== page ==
TRAVERSE CITY — Going beyond the academic needs of a student and addressing the child’s social and emotional well-being has become a priority to educators across the country.

Traverse City Area Public Schools is prioritizing that as well after forming a behavior committee during the summer break.

District officials met with social workers, law enforcement, special education teachers, curriculum leaders, principals and a physician on July 10 to focus on how student behavioral issues interfere with teaching and learning.

“(Students) are coming to us more in crisis than we’ve ever seen before,” TCAPS Superintendent Ann Cardon said.

Members of the committee decided at the July 31 meeting to focus on three areas — substance abuse, specifically vaping; disrespectful behavior and anxiety as well as depression as it relates to truancy and high absentee rates.

Jame McCall, TCAPS associate superintendent, said these issues loomed large during the final few months of the last school year, forcing their hand to put an action plan in place.

Pinpointing the root cause and balancing punishment with education will be key, McCall said.

“There will be a consequence for the behavior, but what are are we doing to teach them a different replacement behavior or why it’s not good for them?” she said.

McCall said that if a student is caught either vaping or with vaping paraphernalia, the plan is to pair a punishment — such as taking away driving and parking privileges — with a restorative measure — such as online education about the dangers of vaping.

Communication with parents, guardians and other family members is also paramount to the success of this program, McCall said.

TCAPS Board of Education Vice President Doris Ellery said continuing the services once the school day ends and the child arrives at home is where the biggest changes can happen.

“You can do a lot with a child, but if it stops at the school doors and doesn’t follow through, that’s going to be a hard bridge to cross,” Ellery said.

McCall said many families, including several at East Middle School last fall, have acknowledged their child’s behavior is an issue, but they simply do not have the answers.

“We have families who are asking for help,” she said. “Our goal is going to be to figure out what they’re supposed to do and help them do that.”

TCAPS recently hired a district social worker to focus on an overall behavioral picture of what is happening within the district while partnering with school social workers who are working one-on-one with the students.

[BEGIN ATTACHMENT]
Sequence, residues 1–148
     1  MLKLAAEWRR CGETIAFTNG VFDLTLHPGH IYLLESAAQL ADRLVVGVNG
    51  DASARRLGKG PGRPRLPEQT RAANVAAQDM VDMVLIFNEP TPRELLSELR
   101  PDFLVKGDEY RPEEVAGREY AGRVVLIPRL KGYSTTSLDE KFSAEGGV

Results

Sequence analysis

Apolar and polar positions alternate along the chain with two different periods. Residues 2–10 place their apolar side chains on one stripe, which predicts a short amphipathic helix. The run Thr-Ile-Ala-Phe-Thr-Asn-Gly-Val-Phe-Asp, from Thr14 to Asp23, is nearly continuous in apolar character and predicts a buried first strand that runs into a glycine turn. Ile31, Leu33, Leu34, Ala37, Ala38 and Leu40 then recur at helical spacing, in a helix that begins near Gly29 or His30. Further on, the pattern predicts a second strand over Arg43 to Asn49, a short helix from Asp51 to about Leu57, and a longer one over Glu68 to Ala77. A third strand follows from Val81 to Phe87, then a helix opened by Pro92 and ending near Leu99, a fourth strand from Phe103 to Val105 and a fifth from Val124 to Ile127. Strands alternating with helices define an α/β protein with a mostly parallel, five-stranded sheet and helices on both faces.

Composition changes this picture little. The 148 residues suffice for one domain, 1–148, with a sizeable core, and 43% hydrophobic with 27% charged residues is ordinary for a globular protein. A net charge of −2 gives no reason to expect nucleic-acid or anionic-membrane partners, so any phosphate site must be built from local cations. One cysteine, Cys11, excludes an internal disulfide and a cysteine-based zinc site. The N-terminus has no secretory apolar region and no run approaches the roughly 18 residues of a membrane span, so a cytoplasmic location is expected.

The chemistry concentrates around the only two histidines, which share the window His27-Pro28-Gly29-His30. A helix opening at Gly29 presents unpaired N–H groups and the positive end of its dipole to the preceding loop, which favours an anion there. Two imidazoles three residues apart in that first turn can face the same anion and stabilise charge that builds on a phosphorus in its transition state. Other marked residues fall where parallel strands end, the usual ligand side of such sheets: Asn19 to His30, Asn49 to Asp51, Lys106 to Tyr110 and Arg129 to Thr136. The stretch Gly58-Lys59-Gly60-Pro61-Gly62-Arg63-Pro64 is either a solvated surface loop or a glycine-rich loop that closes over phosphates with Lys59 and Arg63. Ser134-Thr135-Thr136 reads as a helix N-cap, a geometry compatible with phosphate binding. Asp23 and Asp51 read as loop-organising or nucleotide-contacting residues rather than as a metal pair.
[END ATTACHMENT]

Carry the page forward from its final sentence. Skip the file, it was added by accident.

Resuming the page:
“The reduction in community mental health services has certainly had an impact on our families,” McCall said. “If we have a student who needs services, it can sometimes be a six-month wait to get them in to a child psychiatrist.”

Christine Guitar, TCAPS executive director of communications, is working on delivering that message to the greater community while making them aware of the services the district can offer.

When speaking with parents about issues with their child, the goal is to avoid shame and blame, Guitar said.

“This is something everyone is dealing with, so how we provide resources in a way that parents are accessing them and are able to use them and don’t feel like there’s something wrong with their family or their child?” Guitar said.

“We’ve got a nationwide problem related to students and anxiety, how locally are we going to address that. That’s what’s going to shape our communities. Our response to it.”

Disrespectful behavior will be the toughest to tackle, McCall said. District officials drew the proverbial line in the sand last year when it came to students yelling at or being abusive toward teachers or other staff members. McCall said they saw an increase in suspensions early in the year and then experienced a swift drop.

“It’s just like working with your child at home,” she said. “You set the boundary. You get the tantrum. Then, hopefully, you get compliance.”

Members of the committee will continue work throughout the school year to address the students’ social and emotional issues with the hopes of expansion in the future.

“We have to approach it differently,” McCall said. “We have to find out why. It’s really about diving deep into their emotional state and supporting our kids.”

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